Lepine, whose superficial beef was that his candidacy for a spot at the Polytechnique was denied in order to privilege women entrants, did carefully segregate his victims by sex in order to ensure those he killed were women, so it is fair to say that he was a misogynist. But what is rarely noted in that case is, gender-wise, how freakishly singular it was.

There are many massacres in which both men and women are killed wholesale. There are also many massacres in which men and boys are singled out for death, such as the 1995 genocidal massacre of 8,000 Bosniak boys and men in Sbrenica.

But the deliberate separation of men and women in order to kill the women is virtually unheard of, which is why the Montreal Massacre stands out so boldly in the history of massacres. Certainly in the West, I cannot think of a similarly gendered prequel or sequel in which only females were selected for death.

If there is a “culprit” to blame in this senseless tragedy, it is social media. Once Minassian found his way to an Internet incel forum, what was an individual grievance that may have smoldered on for a lifetime without bursting into flame was now invited to become a raging bonfire: the self-pitying guy who thought he was alone in his misery suddenly found himself amidst a band of brothers with a galvanizing cause. And with an inspirational “leader” in Rodger.

Just as the school massacrists are inevitably revealed as obsessed with the Columbine killers, Rodger is the Ur-martyr for the highly specific type of male pathology we have apparently witnessed in Toronto.

This story is not about “misogyny” in any ideological sense. Incels are rare, very screwed-up social misfits who find each other on the Internet, and together, facilitate a pathological sum that tragically amounts to more than its disaffected parts.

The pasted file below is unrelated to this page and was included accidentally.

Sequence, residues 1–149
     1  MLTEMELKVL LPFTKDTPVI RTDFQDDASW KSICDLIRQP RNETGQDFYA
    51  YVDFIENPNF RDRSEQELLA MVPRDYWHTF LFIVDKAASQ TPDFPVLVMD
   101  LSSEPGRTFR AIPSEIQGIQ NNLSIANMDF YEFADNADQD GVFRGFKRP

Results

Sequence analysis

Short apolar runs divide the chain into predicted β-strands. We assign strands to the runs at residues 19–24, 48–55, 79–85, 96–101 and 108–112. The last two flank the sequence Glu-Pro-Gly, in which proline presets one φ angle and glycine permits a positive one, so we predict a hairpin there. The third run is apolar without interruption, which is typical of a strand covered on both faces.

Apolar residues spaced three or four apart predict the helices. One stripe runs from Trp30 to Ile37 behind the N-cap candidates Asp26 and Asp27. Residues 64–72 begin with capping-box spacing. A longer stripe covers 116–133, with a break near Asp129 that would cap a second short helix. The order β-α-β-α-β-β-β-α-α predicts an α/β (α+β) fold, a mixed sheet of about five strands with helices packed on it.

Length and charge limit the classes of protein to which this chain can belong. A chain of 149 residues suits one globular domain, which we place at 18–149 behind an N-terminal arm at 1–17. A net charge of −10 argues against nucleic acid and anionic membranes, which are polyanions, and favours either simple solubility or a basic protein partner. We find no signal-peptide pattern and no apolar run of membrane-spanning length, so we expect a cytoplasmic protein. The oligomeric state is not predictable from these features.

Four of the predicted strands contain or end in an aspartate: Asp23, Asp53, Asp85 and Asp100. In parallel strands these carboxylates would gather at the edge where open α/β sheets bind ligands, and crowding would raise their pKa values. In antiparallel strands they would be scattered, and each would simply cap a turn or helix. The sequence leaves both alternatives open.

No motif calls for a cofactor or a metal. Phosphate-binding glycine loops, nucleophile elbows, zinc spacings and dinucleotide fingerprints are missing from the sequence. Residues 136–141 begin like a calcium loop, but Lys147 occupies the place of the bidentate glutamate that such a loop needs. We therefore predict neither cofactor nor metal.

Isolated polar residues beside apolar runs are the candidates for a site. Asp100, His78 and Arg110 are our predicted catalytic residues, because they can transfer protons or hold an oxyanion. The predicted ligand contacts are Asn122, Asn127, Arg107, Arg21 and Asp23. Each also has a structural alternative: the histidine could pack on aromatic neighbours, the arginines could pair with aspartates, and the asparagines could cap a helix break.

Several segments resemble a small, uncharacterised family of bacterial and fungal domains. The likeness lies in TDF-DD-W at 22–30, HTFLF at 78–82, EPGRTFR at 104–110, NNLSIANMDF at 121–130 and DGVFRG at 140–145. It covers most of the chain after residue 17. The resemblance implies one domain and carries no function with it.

One Comment

Your email address will not be published. Required fields are marked *

Barbara Kay

Barbara is a prize-winning journalist whose writing has also been featured in other large publications such as the National Post, C2C Journal Online, the New York Daily News, and more. Paired with a background in teaching literature, Barbara is also a member of the Board of Governors of the conservative student newspaper, The Prince Arthur Herald. Barbara provides sensational perspectives on everything from current news to her analysis on the sociological factors of sexism. A more in depth biography: Barbara Kay taught English Literature and Composition for multiple years, both at Concordia University and in the Quebec CEGEP system. She is a Woodrow Wilson fellow. For just under a decade, Barbara was a board member of the magazine Cité libre and a frequent contributor to its pages. to boot, Barbara has been a National Post columnist since 2003. Barbara is the co-author as well as author of a few notable publishings such as: Unworthy Creature and ACKNOWLEDGEMENTS. Unworthy Creature: A Punjabi Daughter's Memoir of Honour, Shame and Love, published May 2011. However her more recent book, ACKNOWLEDGEMENTS, A cultural memoir and other essays, was published in 2013 by Freedom Press Canada.
Choose A Format
Formatted Text with Embeds and Visuals
Youtube, Vimeo or Vine Embeds